Tech Adoption Climbs Among Older Adults
Roughly two-thirds of those ages 65 and older go online and a record share now own smartphones – although many seniors remain relatively divorced from digital life
A record 46 million seniors live in the United States today, and older Americans – those age 65 and older – now account for 15% of the overall U.S. population. By 2050, 22% of Americans will be 65 and older, according to U.S. Census Bureau projections.1
At the same time America is graying, recent Pew Research Center surveys find that seniors are also moving towards more digitally connected lives. Around four-in-ten (42%) adults ages 65 and older now report owning smartphones, up from just 18% in 2013. Internet use and home broadband adoption among this group have also risen substantially. Today, 67% of seniors use the internet – a 55-percentage-point increase in just under two decades. And for the first time, half of older Americans now have broadband at home.
Yet despite these gains, many seniors remain largely disconnected from the digital revolution. One-third of adults ages 65 and older say they never use the internet, and roughly half (49%) say they do not have home broadband services. Meanwhile, even with their recent gains, the proportion of seniors who say they own smartphones is 42 percentage points lower than those ages 18 to 64.
And as is true for the population as a whole, there are also substantial differences in technology adoption within the older adult population based on factors such as age, household income and educational attainment.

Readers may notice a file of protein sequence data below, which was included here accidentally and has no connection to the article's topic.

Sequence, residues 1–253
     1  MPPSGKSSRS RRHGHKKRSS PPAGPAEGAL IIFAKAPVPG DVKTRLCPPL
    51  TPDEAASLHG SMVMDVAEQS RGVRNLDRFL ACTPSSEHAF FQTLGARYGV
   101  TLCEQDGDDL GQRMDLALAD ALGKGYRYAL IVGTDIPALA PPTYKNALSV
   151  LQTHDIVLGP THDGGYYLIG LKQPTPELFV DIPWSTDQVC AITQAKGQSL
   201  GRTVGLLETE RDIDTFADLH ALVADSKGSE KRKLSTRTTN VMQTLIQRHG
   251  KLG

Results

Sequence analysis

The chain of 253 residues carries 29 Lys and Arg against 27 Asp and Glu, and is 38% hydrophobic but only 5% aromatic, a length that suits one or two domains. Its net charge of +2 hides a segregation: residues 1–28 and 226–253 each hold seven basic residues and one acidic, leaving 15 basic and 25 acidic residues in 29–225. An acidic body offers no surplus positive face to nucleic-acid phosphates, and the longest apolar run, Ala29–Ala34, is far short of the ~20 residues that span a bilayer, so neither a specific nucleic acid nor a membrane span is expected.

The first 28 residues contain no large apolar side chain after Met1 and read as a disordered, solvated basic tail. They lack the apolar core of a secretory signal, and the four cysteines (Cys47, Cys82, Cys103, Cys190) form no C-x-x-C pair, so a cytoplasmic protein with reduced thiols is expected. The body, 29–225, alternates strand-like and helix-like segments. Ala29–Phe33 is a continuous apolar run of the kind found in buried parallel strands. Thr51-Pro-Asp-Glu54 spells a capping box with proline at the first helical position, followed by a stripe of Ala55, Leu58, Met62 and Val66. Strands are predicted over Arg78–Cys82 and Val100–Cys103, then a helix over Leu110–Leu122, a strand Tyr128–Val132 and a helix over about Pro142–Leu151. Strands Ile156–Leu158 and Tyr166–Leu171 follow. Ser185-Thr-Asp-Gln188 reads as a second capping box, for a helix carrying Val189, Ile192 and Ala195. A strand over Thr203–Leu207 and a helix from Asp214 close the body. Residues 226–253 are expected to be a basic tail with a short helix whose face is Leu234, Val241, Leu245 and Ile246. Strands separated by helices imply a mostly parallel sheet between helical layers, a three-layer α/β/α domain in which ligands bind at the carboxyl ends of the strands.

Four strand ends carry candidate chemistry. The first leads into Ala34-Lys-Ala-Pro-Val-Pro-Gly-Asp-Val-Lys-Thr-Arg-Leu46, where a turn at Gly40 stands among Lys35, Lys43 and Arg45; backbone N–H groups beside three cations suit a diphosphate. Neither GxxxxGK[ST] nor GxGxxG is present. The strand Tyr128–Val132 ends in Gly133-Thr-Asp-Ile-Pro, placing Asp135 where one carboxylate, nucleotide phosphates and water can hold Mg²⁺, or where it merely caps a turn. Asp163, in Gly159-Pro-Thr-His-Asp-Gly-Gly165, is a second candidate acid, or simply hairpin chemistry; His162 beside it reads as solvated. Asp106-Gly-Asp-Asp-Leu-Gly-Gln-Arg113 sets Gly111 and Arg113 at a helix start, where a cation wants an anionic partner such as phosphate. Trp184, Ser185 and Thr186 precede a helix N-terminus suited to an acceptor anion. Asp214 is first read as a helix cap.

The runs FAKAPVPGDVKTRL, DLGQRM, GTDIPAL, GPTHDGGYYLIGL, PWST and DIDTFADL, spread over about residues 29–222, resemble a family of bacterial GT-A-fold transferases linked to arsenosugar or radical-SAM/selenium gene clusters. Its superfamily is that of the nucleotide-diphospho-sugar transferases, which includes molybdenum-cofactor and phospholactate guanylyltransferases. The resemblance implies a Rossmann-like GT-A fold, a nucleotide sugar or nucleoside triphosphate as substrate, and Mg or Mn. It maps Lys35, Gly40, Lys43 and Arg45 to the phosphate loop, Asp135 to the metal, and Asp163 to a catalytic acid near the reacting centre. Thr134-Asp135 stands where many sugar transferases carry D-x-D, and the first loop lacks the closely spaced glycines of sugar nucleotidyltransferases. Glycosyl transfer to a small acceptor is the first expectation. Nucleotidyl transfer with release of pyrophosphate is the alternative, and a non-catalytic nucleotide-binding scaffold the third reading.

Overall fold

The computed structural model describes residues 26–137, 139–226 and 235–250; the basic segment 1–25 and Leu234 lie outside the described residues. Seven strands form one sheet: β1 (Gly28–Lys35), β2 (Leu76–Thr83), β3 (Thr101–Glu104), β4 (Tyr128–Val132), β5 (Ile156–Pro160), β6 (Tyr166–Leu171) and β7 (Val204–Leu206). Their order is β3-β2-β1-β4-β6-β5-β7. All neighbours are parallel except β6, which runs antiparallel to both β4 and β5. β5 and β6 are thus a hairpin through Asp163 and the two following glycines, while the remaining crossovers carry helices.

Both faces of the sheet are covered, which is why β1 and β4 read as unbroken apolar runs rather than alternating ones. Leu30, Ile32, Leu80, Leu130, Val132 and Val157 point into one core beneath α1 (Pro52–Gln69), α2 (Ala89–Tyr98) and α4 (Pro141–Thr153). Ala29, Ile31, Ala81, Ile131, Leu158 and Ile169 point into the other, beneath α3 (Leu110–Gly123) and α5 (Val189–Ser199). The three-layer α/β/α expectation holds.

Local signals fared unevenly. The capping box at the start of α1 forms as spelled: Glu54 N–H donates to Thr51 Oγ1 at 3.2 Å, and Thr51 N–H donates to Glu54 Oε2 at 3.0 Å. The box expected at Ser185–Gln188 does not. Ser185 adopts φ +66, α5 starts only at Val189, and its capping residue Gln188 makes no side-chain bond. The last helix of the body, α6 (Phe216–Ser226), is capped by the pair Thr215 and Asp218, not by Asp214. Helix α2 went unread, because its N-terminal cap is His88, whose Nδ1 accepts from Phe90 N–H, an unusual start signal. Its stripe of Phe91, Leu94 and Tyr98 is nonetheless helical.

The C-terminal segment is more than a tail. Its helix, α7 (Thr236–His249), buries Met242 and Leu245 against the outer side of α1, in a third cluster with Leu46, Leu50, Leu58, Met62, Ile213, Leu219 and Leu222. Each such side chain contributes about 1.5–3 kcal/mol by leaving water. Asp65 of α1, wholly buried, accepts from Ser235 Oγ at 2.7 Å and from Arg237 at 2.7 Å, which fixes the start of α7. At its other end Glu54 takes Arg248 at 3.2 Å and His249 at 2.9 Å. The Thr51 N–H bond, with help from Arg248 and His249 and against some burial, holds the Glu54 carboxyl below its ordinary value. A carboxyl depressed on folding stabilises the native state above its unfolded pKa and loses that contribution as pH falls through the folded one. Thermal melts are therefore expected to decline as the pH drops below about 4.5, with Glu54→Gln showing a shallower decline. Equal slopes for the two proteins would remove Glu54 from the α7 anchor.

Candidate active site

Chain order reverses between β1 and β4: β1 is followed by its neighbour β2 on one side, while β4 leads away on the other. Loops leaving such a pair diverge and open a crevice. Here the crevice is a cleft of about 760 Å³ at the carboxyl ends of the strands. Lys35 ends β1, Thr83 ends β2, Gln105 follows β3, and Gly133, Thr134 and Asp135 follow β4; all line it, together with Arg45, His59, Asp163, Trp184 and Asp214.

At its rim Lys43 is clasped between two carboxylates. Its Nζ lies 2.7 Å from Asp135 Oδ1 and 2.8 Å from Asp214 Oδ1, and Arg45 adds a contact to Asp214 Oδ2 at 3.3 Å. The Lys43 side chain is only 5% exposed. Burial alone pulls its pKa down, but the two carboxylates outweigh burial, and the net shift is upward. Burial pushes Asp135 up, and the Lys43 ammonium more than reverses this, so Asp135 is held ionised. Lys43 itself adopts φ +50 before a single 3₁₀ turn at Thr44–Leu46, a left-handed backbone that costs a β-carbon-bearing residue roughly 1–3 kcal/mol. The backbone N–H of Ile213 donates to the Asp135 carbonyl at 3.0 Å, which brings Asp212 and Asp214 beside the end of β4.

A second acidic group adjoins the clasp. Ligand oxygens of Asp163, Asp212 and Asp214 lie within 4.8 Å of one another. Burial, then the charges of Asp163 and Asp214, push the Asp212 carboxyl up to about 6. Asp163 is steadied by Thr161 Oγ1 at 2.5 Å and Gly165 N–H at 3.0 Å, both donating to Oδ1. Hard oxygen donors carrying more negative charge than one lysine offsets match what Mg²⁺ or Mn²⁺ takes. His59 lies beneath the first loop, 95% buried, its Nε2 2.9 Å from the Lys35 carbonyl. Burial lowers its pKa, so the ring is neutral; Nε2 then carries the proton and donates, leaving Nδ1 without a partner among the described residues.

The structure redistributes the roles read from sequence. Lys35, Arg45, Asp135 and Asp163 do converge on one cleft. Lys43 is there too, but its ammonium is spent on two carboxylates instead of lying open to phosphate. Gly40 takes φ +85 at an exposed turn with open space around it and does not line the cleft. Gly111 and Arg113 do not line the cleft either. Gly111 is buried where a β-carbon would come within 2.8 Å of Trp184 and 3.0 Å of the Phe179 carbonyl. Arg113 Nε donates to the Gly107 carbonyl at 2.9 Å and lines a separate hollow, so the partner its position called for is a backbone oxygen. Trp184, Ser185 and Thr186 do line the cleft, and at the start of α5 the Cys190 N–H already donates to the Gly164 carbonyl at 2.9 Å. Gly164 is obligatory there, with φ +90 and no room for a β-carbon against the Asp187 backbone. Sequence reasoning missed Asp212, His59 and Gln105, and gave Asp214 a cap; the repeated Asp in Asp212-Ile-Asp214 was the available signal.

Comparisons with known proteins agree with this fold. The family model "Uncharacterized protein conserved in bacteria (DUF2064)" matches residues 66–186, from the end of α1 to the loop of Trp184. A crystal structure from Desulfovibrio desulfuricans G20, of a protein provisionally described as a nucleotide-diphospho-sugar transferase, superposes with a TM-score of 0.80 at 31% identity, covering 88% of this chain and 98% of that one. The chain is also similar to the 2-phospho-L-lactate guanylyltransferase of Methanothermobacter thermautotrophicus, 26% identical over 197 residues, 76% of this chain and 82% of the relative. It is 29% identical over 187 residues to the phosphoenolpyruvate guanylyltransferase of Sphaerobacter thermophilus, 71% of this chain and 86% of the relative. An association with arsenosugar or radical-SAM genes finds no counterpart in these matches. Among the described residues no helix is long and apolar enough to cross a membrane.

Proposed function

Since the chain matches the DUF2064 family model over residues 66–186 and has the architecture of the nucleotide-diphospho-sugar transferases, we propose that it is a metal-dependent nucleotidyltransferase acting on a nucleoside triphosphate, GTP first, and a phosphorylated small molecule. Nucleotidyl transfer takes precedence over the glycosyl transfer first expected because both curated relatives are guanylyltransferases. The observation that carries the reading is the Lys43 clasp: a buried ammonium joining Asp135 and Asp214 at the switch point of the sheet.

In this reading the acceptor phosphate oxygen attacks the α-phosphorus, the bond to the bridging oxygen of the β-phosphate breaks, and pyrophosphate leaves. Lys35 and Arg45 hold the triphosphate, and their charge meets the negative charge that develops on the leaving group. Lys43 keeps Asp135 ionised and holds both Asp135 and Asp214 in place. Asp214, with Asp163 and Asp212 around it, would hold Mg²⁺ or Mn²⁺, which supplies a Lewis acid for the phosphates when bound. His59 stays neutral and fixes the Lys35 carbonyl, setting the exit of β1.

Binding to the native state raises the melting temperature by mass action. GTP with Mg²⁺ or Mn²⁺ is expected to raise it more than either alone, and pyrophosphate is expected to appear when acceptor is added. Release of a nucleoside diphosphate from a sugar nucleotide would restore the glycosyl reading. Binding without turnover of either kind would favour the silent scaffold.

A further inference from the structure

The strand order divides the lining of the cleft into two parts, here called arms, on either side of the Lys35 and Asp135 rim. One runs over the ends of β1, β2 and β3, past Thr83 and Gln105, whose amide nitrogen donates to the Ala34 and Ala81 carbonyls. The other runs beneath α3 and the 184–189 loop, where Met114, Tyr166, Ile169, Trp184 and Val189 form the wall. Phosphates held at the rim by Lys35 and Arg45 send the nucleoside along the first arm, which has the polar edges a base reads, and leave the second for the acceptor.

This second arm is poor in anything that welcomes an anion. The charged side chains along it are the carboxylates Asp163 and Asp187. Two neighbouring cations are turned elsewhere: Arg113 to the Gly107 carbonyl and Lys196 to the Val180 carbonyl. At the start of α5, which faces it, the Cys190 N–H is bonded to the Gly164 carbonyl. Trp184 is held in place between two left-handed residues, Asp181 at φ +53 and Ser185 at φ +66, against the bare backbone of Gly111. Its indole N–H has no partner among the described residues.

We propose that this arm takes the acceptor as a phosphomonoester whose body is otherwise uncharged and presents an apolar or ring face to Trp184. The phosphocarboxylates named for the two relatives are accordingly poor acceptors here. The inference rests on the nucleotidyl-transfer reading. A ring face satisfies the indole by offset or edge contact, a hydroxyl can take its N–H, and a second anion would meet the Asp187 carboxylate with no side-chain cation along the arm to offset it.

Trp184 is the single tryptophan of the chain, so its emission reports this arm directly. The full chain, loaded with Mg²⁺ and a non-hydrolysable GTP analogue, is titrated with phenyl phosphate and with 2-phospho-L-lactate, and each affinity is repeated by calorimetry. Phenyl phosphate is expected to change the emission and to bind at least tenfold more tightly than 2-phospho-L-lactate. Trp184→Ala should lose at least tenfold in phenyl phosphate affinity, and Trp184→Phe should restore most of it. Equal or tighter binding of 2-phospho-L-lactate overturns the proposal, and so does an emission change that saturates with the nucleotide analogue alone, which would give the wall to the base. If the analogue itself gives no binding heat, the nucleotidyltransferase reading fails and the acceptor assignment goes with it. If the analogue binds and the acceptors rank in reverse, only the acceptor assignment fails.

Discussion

Seniors ages 65 to 69 are about twice as likely as those ages 80 and older to say they ever go online (82% vs. 44%) or have broadband at home (66% vs. 28%), and they are roughly four times as likely to say they own smartphones (59% vs. 17%).
Adoption rates also vary greatly by household income. Fully 87% of seniors living in households earning $75,000 or more a year say they have home broadband, compared with just 27% of seniors whose annual household income is below $30,000. Educational differences follow a similar pattern, with college graduates adopting technology at much higher rates than seniors with lower levels of formal education.
These younger, relatively affluent and/or highly educated seniors are helping to drive much of the recent growth in technology adoption among the older population as a whole. For example, smartphone ownership among seniors whose annual household income is $75,000 or more increased by 39 percentage points since 2013 – 15 points higher than the growth reported among seniors overall.
It also remains the case that older adults face unique barriers to using and adopting new technologies. Some 34% of older internet users say they have little to no confidence in their ability to use electronic devices to perform online tasks, while 48% of seniors say that this statement describes them very well: “When I get a new electronic device, I usually need someone else to set it up or show me how to use it.”
Still, older Americans who use the internet tend to view technology in a positive light and incorporate digital technology into their everyday lives. Fully 58% of adults ages 65 and older say technology has had a mostly positive impact on society, while roughly three-quarters of internet-using seniors say they go online on a daily basis – and nearly one-in-ten go online almost constantly.
These findings are based on several nationally representative Pew Research Center surveys. The main findings on technology adoption are from a phone survey of 3,015 U.S. adults conducted Sept. 29-Nov. 6, 2016. The margin of sampling error at the 95% confidence interval for results based on the total sample is plus or minus 2 percentage points. Details about the other surveys used in this report are available in the methodology. The terms “seniors”, “older Americans” and “older adults” are used interchangeably in this report to denote adults living in the U.S. who are ages 65 and older.